"But if banks trap customers in for as many products as they can, even though the extra products don't make a lot of extra money, it makes it very difficult for a customer to disentangle themselves,” one banking analyst told the Australian Financial Review in 2019.

So even though you might have got a sweet discount on a package loan years ago, there’s a good chance you can get a much better interest rate by switching.

See also: Compare refinance home loans

Who offers package home loans?

You’ll find no short supply of package loans on the home loan market. Dozens of banks offer them in some form, including all the major ones, while even non-bank lenders can offer some form of package themselves, such as a home and car loan package.

Since most banks offer a package loan of some sort, you have plenty of options to compare. They often don’t have any special rules to apply either, aside from also needing to be eligible for the other products in the package too. You might sometimes need to borrow a larger amount of money and have a smaller LVR (loan-to-value ratio) than usual to get the really good package rates on offer, but most of the time should be approved just fine.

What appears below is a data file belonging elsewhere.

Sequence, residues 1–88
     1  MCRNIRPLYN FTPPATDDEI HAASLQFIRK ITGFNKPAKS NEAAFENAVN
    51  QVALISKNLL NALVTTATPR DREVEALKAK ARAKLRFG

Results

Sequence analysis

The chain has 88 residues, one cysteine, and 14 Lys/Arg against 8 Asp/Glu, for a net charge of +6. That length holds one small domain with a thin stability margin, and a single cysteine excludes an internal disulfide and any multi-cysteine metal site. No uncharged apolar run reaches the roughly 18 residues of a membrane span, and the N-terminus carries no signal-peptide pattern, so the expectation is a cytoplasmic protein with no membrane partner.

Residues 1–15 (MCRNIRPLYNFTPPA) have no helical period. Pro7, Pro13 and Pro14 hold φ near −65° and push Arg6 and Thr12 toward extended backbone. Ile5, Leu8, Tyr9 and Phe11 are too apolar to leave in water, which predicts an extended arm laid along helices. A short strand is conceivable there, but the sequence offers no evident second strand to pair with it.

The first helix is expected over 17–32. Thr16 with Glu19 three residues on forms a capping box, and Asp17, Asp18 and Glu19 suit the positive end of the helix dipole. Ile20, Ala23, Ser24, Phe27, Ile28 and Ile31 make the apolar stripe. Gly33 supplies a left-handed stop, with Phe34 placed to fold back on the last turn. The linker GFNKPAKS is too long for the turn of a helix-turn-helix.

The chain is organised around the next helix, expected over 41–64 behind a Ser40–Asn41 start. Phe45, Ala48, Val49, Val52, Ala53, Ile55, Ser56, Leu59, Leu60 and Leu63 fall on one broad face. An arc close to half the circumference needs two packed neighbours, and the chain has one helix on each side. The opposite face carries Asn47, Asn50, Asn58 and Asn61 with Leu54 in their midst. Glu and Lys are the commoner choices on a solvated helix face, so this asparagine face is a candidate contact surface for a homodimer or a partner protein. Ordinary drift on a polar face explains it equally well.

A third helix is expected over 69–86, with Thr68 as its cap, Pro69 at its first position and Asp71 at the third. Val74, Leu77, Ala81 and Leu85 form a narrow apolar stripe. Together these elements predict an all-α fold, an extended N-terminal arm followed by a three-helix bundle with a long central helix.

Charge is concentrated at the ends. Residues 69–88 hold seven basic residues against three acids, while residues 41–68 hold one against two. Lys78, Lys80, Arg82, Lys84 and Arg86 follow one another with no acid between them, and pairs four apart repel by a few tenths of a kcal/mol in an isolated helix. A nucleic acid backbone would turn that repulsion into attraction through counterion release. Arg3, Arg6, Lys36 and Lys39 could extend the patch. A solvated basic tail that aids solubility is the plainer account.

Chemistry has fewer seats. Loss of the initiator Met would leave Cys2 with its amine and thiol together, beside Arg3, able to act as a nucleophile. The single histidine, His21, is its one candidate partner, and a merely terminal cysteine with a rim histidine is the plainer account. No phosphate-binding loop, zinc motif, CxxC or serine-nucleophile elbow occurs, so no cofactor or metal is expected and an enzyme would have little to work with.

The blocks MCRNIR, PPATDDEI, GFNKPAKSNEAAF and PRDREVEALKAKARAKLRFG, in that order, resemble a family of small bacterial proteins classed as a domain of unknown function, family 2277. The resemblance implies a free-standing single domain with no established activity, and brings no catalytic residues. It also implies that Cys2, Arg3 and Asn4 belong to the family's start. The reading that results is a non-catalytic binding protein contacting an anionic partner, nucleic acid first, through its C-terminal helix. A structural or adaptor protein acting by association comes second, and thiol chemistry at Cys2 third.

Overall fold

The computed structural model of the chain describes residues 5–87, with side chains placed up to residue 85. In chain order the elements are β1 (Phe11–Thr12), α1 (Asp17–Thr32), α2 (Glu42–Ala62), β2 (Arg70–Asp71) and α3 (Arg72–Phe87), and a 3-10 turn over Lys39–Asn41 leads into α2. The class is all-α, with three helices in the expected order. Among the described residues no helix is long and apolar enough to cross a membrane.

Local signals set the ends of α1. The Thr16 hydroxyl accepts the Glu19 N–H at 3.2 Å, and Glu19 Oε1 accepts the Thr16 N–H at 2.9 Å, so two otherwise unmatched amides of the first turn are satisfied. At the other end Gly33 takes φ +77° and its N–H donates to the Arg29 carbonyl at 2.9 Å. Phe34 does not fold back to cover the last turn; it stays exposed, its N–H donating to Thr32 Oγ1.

How to tell if a home loan package is right for you

So far, the advantages of a home loan package are that they are convenient and potentially cheaper, especially if they come with a sizeable interest rate discount and a smaller package fee. Let’s use those average interest rates quoted before (3.65% p.a for package loans, 4.52% p.a for the average standard variable loan), to see how much of a difference it could make, using Savings.com.au’s mortgage repayment calculator.